As reported elsewhere, Madonna’s new album, “Confessions on a Dancefloor,” is floating around the Internet and I have been lucky enough to listen to it. I’m afraid I can’t share it with you, but I can provide you with a special remix of her new hit single “Hung Up”! You won’t even recognize it! Or maybe you will…
Anyway, the album: Popmuse calls it the “best Kylie Minogue CD in years,” and I must disagree. “Body Language” was more original, with better songwriting, and more interesting production. But I digress. I would call “Confessions…” a collage of references in which Madonna sends shout-outs mostly to herself, but also to some other artists. The result? An album that is often danceable, has a few melodies you might find yourself humming later, and a whole lot of deja vu. Definitely a step up from the last two albums of dreck Madonna has released, but it is not the great album for which I have been secretly waiting these past six years.
Some track highlights:
1. Hung Up – Sounds like: “Gimme Gimme Gimme (A Man After Midnight)” by ABBA. A barebones pop melody written on top of an ABBA sample with some fancy non-analog synths thrown in to make it current. It’s catchy, but the best part is definitely the borrowed instrumental lick, which I’m sure a lot of listeners sadly won’t even recognize. We will enjoy this song until a new one comes out and then forget all about it.
2. Get Together – Sounds like: “Holiday” by Madonna. A feel-good dance song with some good hooks, but it just doesn’t stick. It seems jaded and rehashed to me, though I like the overdubbed harmonies.
3. Sorry – Sounds like: “Thief of Hearts” by Madonna. This is my favorite song on the album. The melody has multiple catchy hooks that sound like they belong together (they even overlap at the end), the sound is original, and the pretense is at a minimum. I wish Madonna would realize that this is what we want from her. One note, does anyone else think the robot voice at the very end of the song sounds like Tommy Page?
4. Future Lovers – Sounds like: “Ray of Light” by Madonna. The melody is eerily similar to her earlier song except much less memorable, and there is this annoying repeated refrain that I think is saying “in the evidence of its brilliance” that I suspect is some cultish Kabbalah reference. This is the first track I skip, which is too bad since it’s so early in the album.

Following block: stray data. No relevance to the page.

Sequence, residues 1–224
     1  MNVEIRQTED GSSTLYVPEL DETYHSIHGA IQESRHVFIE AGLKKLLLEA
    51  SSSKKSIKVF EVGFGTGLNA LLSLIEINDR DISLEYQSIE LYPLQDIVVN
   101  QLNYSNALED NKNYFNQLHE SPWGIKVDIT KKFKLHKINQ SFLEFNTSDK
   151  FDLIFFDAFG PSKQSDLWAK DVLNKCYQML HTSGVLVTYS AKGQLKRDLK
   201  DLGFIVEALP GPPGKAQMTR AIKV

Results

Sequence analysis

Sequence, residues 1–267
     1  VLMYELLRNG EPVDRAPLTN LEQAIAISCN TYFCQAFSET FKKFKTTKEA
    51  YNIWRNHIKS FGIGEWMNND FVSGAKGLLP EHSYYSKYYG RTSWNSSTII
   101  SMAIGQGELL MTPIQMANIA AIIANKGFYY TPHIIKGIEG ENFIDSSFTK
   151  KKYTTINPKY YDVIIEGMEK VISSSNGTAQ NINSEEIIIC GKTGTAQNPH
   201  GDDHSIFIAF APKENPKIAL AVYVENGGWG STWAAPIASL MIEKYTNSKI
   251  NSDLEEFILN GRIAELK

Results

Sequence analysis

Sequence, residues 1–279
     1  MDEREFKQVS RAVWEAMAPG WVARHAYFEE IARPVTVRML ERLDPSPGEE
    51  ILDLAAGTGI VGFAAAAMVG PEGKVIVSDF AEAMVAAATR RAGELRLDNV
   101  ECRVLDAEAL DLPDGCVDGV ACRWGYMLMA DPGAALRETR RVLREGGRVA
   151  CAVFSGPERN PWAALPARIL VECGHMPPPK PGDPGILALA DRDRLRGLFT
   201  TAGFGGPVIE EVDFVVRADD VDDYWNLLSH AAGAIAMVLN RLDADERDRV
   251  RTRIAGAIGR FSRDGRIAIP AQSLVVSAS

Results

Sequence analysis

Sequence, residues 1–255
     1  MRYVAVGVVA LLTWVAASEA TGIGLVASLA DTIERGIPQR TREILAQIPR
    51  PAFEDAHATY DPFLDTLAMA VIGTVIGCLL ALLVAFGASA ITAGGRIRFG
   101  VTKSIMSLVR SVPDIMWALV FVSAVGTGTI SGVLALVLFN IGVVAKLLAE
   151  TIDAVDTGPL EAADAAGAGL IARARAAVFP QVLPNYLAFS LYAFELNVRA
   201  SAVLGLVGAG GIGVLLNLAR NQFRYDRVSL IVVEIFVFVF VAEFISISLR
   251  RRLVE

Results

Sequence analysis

5. I Love New York – Sounds like: Third grade poetry. “I love New York. Other places make me feel like a dork.” “Other cities always make me mad. Other places always make me sad. No other city ever made me glad except New York. I love New York.” Madonna must have written the lyrics to this song, and in doing so managed to use almost the same rhymes as “Love Profusion” (you know, the one they used in the Estee Lauder commercial). Mad, sad, glad… Doesn’t New York provoke more complex emotions than that? What about horny or lonely or something? That’s how most of the New Yorkers I know feel.
7. Forbidden Love – Sounds Like: “Love Profusion” by Madonna. So that awful song about New York had the same words, and I swear this song uses the exact same synths. Can’t Madonna afford some new sound effects? This isn’t a bad song otherwise. It has a nice melancholy quality that used to be found in pop music in the 80s back when everyone was dying of AIDS.
9. How High – Sounds like: “Can’t Get You Out of My Head” by Kylie Minogue. Not only are the synths and backing tracks almost identical to Kylie’s single, Madonna is even singing like her on this track! Extra penalties apply since the single being copied isn’t old enough to be revival, but not new enough to be current.
11. Push – Sounds like: “Like a Prayer” by Madonna and “Every Breath You Take” by the Police. This song has a sort of mystical beat and neat finger cymbals, and I guess is about the Kabbalah god, but it could be about Guy Ritchie. Thoughts are welcome in comments. Anyway, the melody is simultaneously uninspiring and unoriginal, but inoffensive, like much of the album.
12. Like It or Not – Sounds like: “Fever” as covered by Madonna. It’s so new-millenium to shoddily rewrite a song that you covered ten years ago. Doesn’t “Fever” mention Cleopatra too? Why even bother?